In early February, Door-to-Door escaped winter in New York City and went to record interviews with the Museum of Contemporary Art in North Miami, Florida. The museum was a 2012 recipient of a national medal from the Institute for Museum and Library Services. Through the interviews, we got a look at the many wonderful aspects of the museum’s programming. From artists to volunteers; educators to musicians; and students to curators, we heard about how MOCA has worked to make contemporary art accessible for people across Miami.
On our last morning, Jill Hernandez and Anya Wallace, good friends and coworkers, came in to talk about their role in Women on the Rise. As a young woman and art student, Jill had become passionate about feminist art, at one point making a film about the experiences of women in Miami. After graduating from college, she went to work at MOCA. One morning, Jill heard a story on the radio about an increase in the number of young women being detained in juvenile justice centers, and decided that she wanted to start doing programming at some of those centers.
As Jill began going to the detention centers, she was nervous, because she didn’t have a clear-cut plan or agenda. However, “things just happened” as she started to meet the young women there and talk about the artists whose work she would present to them. Their reactions, she says, were the best part, as the girls were bringing a wide range of experiences to their readings of the images. She remembers that the conversations they had “not only showed me what the art could teach the girls, but how the girls challenged what the work is, or what I think about what the work is.” The second year of the program, they received a grant from the Women’s Fund Network, and it began to take off.
Jill and Anya met later, at a Women’s Studies conference, and found instant friendship. Anya had been working with young women in Savannah, Georgia, and remembered feeling that their meeting was serendipitous. Anya was also surprised by finding someone who shared her feminist perspective “not just on working with girls, but how we connect with them.” Shortly after meeting, Jill offered Anya a position at Women on the Rise. When they began to talk about their favorite memories from their work at the program, it turned out they shared quite a few. Reflecting on their work, Jill said, “I know it feels good to write something. I know it feels good to make something. I want to give girls a space and a reason to do that.”
Micanopy, Florida is a small town in Alachua County, just outside Gainesville, and is known for being the home of Marjorie Kinnan Rawlings, author of the young adult novel, The Yearling. It is also the current home of Ginny Beam, another woman devoted to her love of storytelling. Ginny was interviewed by her friend, Sally Stein, during StoryCorps Door-to-Door’s visit to the Alachua County Library District in Gainesville.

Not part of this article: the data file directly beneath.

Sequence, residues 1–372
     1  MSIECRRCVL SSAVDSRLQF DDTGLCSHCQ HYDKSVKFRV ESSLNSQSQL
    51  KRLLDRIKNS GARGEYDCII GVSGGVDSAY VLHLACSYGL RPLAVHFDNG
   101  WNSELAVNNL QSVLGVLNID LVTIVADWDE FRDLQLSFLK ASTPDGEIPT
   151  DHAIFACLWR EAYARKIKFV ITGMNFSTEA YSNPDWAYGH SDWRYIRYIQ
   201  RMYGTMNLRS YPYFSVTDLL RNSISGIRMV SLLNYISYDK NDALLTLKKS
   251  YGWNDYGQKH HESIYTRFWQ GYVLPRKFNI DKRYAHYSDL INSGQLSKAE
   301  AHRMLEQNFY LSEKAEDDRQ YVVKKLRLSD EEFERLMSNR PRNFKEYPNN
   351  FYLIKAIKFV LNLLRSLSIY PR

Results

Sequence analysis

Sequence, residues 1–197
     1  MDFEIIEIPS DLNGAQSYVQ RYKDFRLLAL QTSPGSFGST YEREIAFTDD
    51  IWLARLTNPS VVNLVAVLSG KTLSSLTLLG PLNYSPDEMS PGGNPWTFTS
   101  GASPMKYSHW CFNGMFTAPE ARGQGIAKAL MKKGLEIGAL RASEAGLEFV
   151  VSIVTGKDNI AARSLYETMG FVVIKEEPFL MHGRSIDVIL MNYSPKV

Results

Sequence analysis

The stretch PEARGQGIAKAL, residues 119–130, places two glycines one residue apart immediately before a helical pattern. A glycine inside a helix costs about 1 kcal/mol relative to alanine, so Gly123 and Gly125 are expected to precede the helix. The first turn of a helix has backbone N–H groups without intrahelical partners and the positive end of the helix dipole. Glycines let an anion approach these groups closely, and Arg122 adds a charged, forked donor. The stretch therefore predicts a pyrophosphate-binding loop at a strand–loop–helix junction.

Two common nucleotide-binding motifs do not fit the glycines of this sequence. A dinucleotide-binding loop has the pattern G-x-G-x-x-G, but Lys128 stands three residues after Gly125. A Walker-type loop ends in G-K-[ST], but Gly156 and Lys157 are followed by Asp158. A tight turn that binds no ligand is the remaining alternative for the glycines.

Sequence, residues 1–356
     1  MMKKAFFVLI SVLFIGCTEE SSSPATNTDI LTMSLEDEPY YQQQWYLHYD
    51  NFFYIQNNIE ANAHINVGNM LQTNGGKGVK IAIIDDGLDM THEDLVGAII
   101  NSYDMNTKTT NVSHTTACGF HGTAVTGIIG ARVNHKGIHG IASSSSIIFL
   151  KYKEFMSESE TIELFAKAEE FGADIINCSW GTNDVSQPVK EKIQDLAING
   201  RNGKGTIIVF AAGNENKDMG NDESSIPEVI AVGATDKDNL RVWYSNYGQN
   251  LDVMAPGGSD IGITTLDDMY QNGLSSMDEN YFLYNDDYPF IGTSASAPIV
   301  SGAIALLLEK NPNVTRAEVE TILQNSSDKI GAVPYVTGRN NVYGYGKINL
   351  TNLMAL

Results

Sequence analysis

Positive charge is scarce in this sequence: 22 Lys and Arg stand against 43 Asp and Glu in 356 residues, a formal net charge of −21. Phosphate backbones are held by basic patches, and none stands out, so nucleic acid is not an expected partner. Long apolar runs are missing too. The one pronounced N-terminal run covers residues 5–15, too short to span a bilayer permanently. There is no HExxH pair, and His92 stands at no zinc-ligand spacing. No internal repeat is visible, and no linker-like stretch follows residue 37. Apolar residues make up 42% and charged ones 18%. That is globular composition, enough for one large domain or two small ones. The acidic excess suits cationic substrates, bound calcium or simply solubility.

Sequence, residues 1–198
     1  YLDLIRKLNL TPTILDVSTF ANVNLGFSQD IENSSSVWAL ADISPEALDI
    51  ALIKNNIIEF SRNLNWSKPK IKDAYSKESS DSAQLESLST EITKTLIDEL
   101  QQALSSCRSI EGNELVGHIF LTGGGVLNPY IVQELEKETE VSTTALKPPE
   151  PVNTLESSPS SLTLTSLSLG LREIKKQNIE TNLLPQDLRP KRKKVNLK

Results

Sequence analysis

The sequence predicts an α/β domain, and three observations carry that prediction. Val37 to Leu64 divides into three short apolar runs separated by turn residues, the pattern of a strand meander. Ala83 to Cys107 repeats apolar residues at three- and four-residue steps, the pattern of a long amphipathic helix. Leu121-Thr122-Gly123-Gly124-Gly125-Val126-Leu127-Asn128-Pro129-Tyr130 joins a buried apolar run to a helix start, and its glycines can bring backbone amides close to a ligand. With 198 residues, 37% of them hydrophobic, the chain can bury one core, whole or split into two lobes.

This trip was a result of the Alachua library’s being awarded the National Medal by the Institute of Museum and Library Services as one of ten outstanding institutions in the country that excel in community service and outreach. Dedicated librarians like as Ginny are the reason libraries like this thrive and remain a hub for all members of the community.
Amidst a sea of young adult books, language arts textbooks, and teachers from all parts of Florida, two English teachers sat down for conversations with the mentor-professors who trained them in graduate school. They came to record their stories for StoryCorps’ National Teachers’ Initiative, which celebrates the brilliant and courageous work of teachers around the country. StoryCorps partnered with the Florida Council of Teachers of English (FCTE) to record for two days at its annual conference in Orlando, Florida.
Cari L. Sadler, who had just completed her seventh week as a teacher, interviewed Joan F. Kaywell, her professor at the University of South Florida (USF) College of Education. Joan told Cari about her relationship with her mentor, Ted Hipple, and described the Ted Hipple Young Adult Literature Collection, a collection of autographed YA books that she started to honor Ted after his death. Cari pointed out that Joan honors Ted the most by passing onto her students the support and respect that he gave to her. Cari confessed that while Joan intimidated her early on, she is now inspired to maintain academic rigor by Joan’s example and teaching.
During the month of August, my co-facilitator Naomi Greene and I visited the Museum of Science and Industry (MOSI) in Tampa, FL. MOSI won the National Medal Award, awarded by the Institute of Museum and Library Services (IMLS) to the ten best libraries and museums around the country.
MOSI’s core ideology is to make a difference in people’s lives by making science real for people of all ages and backgrounds. During our visit to MOSI, we recorded interviews with people that share their love and passion for science with all the museum’s visitors.
Julie Fooshee (L) and Hadley Andersen (R) took time out of their very busy day to sit down and discuss their research and work at MOSI. They have amazing jobs. Known throughout the MOSI organization as “interactors,” Julie and Hadley spend a lot of their time in and around the museum’s 450 exhibits. Julie describes an interactor as “…a little bit of everything. They play, they teach…they are tour guides. Everything.” Interactors are the people that make the exhibits and the information come alive for the patrons.
There is a lot of love in Pensacola, Florida. I don’t remember the last time so many pairs of fiancées came to the MobileBooth to talk about their impending nuptials.